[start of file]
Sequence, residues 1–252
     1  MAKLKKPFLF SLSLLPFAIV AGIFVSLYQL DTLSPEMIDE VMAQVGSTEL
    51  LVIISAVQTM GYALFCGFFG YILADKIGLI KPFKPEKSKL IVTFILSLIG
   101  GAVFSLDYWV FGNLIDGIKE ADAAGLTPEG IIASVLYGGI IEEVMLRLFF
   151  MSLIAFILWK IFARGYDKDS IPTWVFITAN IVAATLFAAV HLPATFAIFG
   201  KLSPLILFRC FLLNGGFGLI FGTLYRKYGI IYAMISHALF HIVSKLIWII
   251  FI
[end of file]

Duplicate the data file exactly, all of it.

Sequence, residues 1–252
     1  MAKLKKPFLF SLSLLPFAIV AGIFVSLYQL DTLSPEMIDE VMAQVGSTEL
    51  LVIISAVQTM GYALFCGFFG YILADKIGLI KPFKPEKSKL IVTFILSLIG
   101  GAVFSLDYWV FGNLIDGIKE ADAAGLTPEG IIASVLYGGI IEEVMLRLFF
   151  MSLIAFILWK IFARGYDKDS IPTWVFITAN IVAATLFAAV HLPATFAIFG
   201  KLSPLILFRC FLLNGGFGLI FGTLYRKYGI IYAMISHALF HIVSKLIWII
   251  FI